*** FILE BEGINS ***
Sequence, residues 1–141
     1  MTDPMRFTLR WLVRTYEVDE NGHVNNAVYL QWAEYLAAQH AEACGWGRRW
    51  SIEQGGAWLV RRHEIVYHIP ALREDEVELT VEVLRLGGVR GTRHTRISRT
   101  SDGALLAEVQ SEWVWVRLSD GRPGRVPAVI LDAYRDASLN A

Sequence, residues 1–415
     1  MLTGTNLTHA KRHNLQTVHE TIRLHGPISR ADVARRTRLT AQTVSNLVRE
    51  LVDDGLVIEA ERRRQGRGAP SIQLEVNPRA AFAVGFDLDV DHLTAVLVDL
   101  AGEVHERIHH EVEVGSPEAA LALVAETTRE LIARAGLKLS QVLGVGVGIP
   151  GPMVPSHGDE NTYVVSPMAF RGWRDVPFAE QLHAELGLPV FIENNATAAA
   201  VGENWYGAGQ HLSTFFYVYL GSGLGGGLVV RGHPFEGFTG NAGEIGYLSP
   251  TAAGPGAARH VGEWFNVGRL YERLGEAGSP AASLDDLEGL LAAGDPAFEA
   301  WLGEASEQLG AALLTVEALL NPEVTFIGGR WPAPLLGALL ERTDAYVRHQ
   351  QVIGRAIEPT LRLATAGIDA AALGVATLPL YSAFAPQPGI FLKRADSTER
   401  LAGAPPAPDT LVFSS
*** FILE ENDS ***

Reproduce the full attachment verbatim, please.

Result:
Sequence, residues 1–141
     1  MTDPMRFTLR WLVRTYEVDE NGHVNNAVYL QWAEYLAAQH AEACGWGRRW
    51  SIEQGGAWLV RRHEIVYHIP ALREDEVELT VEVLRLGGVR GTRHTRISRT
   101  SDGALLAEVQ SEWVWVRLSD GRPGRVPAVI LDAYRDASLN A

Sequence, residues 1–415
     1  MLTGTNLTHA KRHNLQTVHE TIRLHGPISR ADVARRTRLT AQTVSNLVRE
    51  LVDDGLVIEA ERRRQGRGAP SIQLEVNPRA AFAVGFDLDV DHLTAVLVDL
   101  AGEVHERIHH EVEVGSPEAA LALVAETTRE LIARAGLKLS QVLGVGVGIP
   151  GPMVPSHGDE NTYVVSPMAF RGWRDVPFAE QLHAELGLPV FIENNATAAA
   201  VGENWYGAGQ HLSTFFYVYL GSGLGGGLVV RGHPFEGFTG NAGEIGYLSP
   251  TAAGPGAARH VGEWFNVGRL YERLGEAGSP AASLDDLEGL LAAGDPAFEA
   301  WLGEASEQLG AALLTVEALL NPEVTFIGGR WPAPLLGALL ERTDAYVRHQ
   351  QVIGRAIEPT LRLATAGIDA AALGVATLPL YSAFAPQPGI FLKRADSTER
   401  LAGAPPAPDT LVFSS